By Lawrence Toppman
Technically, not everybody: The young Berlioz, who responded to revolutionary fire in composers and revered Beethoven as God, didn’t have much use as a young man for Mozart. When he got older, he recanted harsh words and became a qualified admirer.
Haydn called Mozart the greatest composer he knew, personally or by reputation. Beethoven, who played his 20th and 24th piano concertos, doubted he’d write anything as beautiful as the latter and created piano and cello variations on arias from “The Magic Flute.”
Chopin acknowledged WAM’s piano influence in such pieces as the forward-looking Adagio in B minor. At his first Paris concert, he played his own Piano Concerto No. 2 and Variations on “La ci darem la mano” from “Don Giovanni.” He asked that Mozart’s Requiem be played at his funeral; it was, for a reported 3,000 mourners.
“Beethoven I take twice a week, Haydn four times, Mozart every day.”
“If we cannot write with the beauty of Mozart, let us at least try to write with his purity.”
From Wagner, who had few kind words for other composers:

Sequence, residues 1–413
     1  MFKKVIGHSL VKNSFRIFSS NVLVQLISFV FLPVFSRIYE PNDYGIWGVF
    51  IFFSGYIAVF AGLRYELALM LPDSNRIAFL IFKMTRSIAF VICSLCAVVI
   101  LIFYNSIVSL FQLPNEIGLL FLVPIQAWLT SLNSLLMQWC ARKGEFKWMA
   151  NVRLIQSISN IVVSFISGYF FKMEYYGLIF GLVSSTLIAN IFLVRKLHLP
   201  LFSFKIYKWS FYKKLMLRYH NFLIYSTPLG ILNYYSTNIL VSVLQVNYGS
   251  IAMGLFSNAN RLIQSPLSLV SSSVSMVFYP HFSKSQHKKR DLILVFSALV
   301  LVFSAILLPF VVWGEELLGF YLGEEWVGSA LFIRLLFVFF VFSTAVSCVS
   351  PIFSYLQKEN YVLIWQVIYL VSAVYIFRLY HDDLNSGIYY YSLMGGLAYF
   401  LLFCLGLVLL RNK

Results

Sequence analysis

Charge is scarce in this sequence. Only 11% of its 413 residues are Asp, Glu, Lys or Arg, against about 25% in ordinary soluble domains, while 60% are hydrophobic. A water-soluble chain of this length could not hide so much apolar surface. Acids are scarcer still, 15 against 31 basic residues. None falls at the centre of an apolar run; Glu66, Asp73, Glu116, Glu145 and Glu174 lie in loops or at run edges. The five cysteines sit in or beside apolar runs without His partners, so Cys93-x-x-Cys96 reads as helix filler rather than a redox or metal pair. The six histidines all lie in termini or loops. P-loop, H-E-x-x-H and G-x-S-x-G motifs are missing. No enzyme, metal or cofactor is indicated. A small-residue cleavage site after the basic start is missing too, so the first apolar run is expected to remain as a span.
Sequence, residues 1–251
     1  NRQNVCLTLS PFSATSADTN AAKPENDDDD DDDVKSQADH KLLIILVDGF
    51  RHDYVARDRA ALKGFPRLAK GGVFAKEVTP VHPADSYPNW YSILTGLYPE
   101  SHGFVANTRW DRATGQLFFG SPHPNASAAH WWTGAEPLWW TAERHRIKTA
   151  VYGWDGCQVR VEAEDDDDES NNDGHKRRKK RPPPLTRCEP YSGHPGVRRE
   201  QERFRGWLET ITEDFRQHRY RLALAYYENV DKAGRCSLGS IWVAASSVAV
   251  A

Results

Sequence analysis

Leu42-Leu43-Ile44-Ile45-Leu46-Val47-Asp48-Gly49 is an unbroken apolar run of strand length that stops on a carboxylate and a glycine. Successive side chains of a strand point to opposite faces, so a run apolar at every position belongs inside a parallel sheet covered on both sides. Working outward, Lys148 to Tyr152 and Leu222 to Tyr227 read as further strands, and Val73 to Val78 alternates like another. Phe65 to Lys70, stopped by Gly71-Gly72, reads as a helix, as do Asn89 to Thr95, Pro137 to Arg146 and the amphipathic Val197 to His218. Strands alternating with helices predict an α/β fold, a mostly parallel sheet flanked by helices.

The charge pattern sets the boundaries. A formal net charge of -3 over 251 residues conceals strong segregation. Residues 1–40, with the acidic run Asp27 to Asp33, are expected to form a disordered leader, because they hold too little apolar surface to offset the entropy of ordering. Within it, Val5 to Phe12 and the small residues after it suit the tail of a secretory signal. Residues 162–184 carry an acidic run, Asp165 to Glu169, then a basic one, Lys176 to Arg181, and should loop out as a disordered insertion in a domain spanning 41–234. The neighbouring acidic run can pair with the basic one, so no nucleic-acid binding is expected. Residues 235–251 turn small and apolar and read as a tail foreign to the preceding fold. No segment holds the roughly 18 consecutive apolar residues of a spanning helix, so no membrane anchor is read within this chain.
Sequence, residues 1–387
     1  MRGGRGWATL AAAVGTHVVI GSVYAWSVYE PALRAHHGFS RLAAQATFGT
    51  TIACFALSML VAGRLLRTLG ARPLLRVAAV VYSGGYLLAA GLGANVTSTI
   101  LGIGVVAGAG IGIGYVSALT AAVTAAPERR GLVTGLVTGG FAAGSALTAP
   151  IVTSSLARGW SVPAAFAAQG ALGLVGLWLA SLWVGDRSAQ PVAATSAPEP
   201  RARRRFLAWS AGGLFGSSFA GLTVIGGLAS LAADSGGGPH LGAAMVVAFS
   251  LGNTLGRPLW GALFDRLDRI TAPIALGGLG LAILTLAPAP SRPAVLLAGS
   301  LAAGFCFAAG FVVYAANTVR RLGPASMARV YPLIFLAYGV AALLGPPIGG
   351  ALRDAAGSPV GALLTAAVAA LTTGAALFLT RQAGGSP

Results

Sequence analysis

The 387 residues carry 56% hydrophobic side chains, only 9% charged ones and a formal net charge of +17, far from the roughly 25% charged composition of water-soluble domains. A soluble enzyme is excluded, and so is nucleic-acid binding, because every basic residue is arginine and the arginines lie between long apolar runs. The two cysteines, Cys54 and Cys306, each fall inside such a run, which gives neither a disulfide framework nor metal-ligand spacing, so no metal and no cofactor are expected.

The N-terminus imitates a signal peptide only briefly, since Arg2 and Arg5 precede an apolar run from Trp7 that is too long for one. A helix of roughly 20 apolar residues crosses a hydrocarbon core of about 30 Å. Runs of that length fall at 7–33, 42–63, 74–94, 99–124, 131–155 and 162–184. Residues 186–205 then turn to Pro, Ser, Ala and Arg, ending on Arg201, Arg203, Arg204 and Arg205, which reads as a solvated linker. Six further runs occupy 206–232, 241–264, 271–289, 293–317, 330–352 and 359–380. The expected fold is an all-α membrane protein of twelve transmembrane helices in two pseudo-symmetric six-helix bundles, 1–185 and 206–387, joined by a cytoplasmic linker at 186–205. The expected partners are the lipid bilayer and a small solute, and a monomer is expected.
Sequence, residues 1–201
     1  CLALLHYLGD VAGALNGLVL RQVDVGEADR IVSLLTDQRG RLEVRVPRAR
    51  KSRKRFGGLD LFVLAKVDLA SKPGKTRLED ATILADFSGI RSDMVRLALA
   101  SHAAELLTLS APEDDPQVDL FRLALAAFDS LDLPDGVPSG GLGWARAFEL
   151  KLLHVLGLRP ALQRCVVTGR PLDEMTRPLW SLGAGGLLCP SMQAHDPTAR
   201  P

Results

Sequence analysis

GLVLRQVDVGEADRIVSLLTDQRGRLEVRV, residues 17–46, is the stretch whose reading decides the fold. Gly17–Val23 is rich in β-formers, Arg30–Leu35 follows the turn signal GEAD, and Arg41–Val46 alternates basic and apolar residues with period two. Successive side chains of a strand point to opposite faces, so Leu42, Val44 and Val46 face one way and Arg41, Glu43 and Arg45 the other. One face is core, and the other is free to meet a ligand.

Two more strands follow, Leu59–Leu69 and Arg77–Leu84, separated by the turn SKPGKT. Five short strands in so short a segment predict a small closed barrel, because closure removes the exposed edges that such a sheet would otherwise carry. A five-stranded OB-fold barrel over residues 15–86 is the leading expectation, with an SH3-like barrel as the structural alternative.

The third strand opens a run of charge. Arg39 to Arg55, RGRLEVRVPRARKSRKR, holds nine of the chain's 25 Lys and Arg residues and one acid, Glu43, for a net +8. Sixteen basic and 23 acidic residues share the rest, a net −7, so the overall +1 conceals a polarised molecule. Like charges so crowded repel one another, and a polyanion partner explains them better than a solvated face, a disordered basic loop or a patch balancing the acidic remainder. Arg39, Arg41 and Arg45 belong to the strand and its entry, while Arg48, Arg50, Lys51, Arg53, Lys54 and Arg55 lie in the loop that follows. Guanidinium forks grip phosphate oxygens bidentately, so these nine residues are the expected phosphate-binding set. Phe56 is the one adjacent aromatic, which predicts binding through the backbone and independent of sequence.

“The most tremendous genius raised Mozart above all masters, in all centuries and in all the arts.”
Tchaikovsky not only wrote an orchestral suite on WAM’s themes (his fourth, “Mozartiana”) but praised him above all composers: “Mozart is the musical Christ.” Or, less fulsomely, “Mozart is the culminating point beauty has attained in the sphere of music.” Even Stravinsky, the most important composer of the 20th century, studied Mozart’s counterpoint while moving into his neoclassical period.
Plenty of composers have achieved universal respect, at least after their deaths: Bach, Beethoven, Schubert, Brahms, Mahler and, closer to our time, Shostakovich and Stravinsky. Some give great enjoyment while being ranked in the second tier as creators: Dvorak, Copland, Puccini, Saint-Saens.
Yet Mozart shows up simultaneously on the largest number of “admire” and “love” lists among fans, particularly among composers. Leonard Bernstein offers the best explanation I know: “It is hard to think of another composer who so perfectly marries form and passion. Mozart combines serenity, melancholy and tragic intensity into one great lyric improvisation. Over it all hovers the greater spirit that is Mozart’s: the spirit of compassion, of universal love, even of suffering – a spirit that knows no age, that belongs to all ages.”